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Even the biggest spendthrifts can become savers if they're prepared to put on their game face.
Growing your bottom line

Savvy ways to save money

With home equity evaporating like dry ice on a hot day, many Americans no longer can rely on their homes as a source of quick cash. Likewise, credit card issuers are lowering credit limits for many consumers, imposing constraints on spending.

Americans are realizing that the spending party is over and it's time to build wealth the old-fashioned way -- by saving money.

Some obstacles stand in the way. For instance, real median household income grew a sloth-like 1.3 percent between 2006 and 2007, to $50,223, according to the U.S. Census Bureau. And it's not likely to accelerate much in 2008.

For the average budget-challenged family, the escalating cost of living can be discouraging. But saving money involves a clever combination of cutting expenses and allocating any savings into a bank or investment account before the money disappears.

The goal is doable with stalwart financial discipline.

The savings game plan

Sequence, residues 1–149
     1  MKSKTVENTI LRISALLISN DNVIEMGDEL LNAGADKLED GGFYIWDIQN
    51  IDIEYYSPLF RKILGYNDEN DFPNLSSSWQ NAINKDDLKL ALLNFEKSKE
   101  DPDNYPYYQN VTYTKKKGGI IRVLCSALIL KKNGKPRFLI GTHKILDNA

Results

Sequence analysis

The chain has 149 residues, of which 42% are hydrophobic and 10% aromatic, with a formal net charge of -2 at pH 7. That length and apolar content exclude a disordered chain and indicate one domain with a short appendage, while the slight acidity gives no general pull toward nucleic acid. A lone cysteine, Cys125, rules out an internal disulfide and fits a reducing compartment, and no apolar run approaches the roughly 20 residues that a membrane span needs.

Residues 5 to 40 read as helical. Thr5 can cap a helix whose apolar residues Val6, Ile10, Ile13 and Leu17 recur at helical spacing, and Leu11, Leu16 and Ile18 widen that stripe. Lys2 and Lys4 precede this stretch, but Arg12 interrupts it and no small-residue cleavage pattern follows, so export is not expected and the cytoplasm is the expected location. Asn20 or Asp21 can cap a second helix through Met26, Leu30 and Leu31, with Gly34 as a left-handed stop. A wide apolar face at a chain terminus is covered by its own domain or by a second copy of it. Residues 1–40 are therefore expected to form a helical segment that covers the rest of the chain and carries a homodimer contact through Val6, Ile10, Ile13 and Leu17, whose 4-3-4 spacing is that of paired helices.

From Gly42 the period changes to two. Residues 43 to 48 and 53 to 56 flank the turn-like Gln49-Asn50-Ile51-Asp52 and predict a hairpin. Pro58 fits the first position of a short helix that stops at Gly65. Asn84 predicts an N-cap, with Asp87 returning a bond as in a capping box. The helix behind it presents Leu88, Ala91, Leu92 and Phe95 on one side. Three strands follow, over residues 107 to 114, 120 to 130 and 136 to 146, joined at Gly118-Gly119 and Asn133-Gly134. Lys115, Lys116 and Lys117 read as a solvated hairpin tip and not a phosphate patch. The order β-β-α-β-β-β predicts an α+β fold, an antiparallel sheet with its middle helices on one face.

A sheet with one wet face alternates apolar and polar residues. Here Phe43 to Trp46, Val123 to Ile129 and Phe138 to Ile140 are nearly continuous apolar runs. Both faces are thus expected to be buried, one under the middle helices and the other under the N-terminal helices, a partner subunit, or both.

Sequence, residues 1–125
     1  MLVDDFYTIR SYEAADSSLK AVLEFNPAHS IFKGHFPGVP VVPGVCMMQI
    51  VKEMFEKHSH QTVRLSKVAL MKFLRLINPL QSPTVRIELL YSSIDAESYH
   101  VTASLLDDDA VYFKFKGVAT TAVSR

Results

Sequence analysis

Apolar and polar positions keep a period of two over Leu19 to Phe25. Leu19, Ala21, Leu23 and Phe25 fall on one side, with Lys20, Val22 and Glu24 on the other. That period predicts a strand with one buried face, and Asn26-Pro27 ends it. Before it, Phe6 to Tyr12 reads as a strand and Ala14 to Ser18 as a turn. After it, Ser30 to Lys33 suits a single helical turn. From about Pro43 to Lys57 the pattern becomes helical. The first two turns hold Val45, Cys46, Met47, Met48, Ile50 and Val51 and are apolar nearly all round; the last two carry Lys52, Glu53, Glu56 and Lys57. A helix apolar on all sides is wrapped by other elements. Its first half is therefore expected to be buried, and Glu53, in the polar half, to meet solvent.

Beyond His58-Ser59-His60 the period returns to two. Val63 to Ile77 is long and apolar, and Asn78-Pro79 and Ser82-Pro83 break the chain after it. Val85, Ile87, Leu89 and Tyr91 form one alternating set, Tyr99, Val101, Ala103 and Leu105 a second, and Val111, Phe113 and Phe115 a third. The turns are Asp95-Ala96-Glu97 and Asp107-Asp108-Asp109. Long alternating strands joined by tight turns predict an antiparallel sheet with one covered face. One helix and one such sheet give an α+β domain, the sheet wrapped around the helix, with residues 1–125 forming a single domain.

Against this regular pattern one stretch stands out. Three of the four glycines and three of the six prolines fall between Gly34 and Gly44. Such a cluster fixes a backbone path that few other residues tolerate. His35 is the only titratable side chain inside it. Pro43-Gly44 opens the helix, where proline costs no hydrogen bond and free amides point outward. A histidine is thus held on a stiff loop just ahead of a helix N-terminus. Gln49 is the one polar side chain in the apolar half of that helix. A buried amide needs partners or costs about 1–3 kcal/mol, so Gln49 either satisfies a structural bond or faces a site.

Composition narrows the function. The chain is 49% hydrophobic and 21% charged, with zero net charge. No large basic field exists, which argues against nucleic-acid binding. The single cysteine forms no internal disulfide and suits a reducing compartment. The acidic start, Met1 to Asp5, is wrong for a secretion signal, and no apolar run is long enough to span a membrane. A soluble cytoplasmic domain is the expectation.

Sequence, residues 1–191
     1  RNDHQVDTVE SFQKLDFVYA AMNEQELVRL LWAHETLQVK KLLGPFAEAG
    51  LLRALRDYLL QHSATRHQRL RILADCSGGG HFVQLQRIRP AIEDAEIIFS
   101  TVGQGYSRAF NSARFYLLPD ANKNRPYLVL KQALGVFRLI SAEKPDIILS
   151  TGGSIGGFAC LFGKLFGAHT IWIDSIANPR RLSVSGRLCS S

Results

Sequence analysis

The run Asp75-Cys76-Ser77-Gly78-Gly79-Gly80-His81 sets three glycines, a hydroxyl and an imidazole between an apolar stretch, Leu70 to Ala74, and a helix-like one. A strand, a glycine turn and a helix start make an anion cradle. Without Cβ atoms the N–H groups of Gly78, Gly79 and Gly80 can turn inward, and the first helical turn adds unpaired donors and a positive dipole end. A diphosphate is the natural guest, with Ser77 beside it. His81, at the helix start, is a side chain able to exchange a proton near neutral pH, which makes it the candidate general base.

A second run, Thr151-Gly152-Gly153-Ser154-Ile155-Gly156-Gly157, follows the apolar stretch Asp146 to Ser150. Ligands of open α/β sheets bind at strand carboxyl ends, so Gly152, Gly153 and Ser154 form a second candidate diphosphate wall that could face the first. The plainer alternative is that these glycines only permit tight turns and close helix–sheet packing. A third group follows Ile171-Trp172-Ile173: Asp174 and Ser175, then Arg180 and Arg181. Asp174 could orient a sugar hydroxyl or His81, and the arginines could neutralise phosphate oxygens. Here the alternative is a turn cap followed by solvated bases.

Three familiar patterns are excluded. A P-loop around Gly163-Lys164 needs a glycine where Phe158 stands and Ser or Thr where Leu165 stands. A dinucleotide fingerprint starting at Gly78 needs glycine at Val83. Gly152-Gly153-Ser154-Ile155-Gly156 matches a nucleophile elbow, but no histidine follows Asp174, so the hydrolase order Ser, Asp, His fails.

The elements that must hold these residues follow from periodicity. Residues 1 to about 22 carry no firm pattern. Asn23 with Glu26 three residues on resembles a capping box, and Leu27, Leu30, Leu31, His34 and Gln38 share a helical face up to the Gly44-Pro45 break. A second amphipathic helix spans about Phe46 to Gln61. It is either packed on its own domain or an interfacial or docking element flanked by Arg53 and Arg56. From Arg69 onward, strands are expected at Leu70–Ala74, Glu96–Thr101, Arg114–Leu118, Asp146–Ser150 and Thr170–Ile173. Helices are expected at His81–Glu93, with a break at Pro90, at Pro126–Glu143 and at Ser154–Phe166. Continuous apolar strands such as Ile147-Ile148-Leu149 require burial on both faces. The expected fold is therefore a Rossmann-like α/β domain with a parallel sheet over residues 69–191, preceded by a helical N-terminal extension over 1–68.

The budget workout: Know where money goes
If you're serious about reining in spending, you'll need to implement a budget. Only 39 percent of Americans say they use a budget to track household spending, according to a survey by the National Foundation for Credit Counseling.

Most consumers find it tough to save money because few families actually know the exact amount of money that's being allocated to a particular expense, says Gary Foreman, publisher of Stretcher.com.

"The main purpose of a budget isn't to tell you whether you can spend money or not. It's to tell you where you're spending it so you can take corrective action," he says.

Nipping unnecessary spending is tough without a budget worksheet. In fact, you're likely to derail your savings plan without one.

Budget worksheets can be especially useful for tracking ATM cash withdrawals -- one of the easiest items to overlook because of the frequency of these transactions.

"One has to detail every time money from an ATM is withdrawn and where that money is being spent," says financial adviser Steve Pomeranz, CFP, host of National Public Radio's "On the Money!"

"Some may not be so inclined to want to do it, but it's part of the effort to get your affairs in order," he says.

  What's your experience with investing?
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-- Posted: Oct. 27, 2008
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